Alcohol Companion Newsletter 50, February 2nd 2018


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Specials: Dry January brings us valuable insight; Alcohol vendors hope to stop governments informing their citizens of alcohol’s health risks
Notable: A public health champion has proposed information labels in the UK; Doctors offer a three-point plan for a healthier relationship with alcohol
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Dry January lets us realise the benefits of low-level drinking

Dry January is a chance to demonstrate the numerous payoffs of low-level drinking to ourselves and others, transforming them from abstract knowledge into a practical method for improving our mental, physical and financial well-being.

A scientific outlook, and the healthy scepticism that goes with it, are no reason to ignore the need to form beliefs we can apply. Such beliefs provide us with a rugged, reliable and reassuring guide, like a pocket compass.

Some important science does not need to be kept so close at hand. This has little to do with its scope or even its complexity. It has more to do with the demands our belief in it places on us.

Accepting the sun-centred view of our galactic neighbourhood or the mind-boggling basics of quantum theory require an enormous leap of the imagination, but our belief they are true is rarely tested.

Few doubt the sun will rise tomorrow, because this scientific likelihood simply reinforces our experience. And we are unlikely to come to much grief if we occasionally imagine the sun going round the earth or that photons are particles and not waves.

Small wonders
Keeping a firm grip on earthbound, everyday findings is a far bigger challenge for us. The more humdrum the topic, the more difficult it can be, and no more so than when the subject is what we choose to eat, drink or smoke.

We connect with these subjects physically, emotionally and socially, forming an intimate relationship managed by our astronomically complex brains. The statistical results of understanding this relationship often confound our intuition.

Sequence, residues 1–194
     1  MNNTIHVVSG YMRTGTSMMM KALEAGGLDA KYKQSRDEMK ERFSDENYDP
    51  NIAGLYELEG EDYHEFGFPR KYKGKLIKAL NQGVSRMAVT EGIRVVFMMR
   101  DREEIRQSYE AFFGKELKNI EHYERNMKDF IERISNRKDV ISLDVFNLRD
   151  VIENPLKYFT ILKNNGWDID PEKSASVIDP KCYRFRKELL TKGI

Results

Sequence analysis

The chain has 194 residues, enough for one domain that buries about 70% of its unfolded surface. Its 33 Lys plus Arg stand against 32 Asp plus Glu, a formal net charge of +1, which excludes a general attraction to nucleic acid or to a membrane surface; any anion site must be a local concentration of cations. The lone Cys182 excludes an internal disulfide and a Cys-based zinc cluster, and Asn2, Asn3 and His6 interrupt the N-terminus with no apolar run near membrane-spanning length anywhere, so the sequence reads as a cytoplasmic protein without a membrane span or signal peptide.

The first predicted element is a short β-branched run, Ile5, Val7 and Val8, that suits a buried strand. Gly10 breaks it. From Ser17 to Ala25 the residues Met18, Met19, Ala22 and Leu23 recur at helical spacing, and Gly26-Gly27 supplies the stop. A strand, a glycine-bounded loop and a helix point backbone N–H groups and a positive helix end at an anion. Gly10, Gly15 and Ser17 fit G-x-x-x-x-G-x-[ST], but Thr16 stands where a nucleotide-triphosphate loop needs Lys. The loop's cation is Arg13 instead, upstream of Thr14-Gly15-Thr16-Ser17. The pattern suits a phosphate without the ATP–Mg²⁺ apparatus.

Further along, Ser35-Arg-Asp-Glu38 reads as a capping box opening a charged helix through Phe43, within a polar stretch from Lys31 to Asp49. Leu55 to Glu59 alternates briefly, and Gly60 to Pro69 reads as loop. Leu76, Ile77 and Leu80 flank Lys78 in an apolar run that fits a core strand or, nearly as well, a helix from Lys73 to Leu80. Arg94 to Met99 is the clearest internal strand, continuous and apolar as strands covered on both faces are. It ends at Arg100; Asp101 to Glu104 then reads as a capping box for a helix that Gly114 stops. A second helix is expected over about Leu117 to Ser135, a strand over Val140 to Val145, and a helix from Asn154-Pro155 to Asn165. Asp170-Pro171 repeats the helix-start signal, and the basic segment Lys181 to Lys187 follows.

As self-centred animals we are fairly hopeless at connecting with statistics, a type of scientific result especially open to manipulation. And, given a choice, we will tend to believe our senses over numbers on a chart.

But the solid statistical evidence of the long-term harm of, say, trans-fats, alcohol or tobacco smoke require us to alter our behaviour or they are are no use at all. We need to embrace beliefs that allow us to benefit.

Beliefs provide the motivation to be wary of tempting forbidden fruit and are even more helpful because we may initially suffer for heeding scientific advice, as we do with nicotine or alcohol dependency.

Truth endures
It may seem to be an impossible to establish facts in our argumentative “post-truth” world. But in the case of alcohol, about which I write, appearances belie broad agreement.

It is hard to maintain a low alcohol intake. Beyond this it fuels anxiety and depression, interferes with sleep and memory, increases the risk of heart and liver disease, cancer and contributes to all manner of accidents and blunders.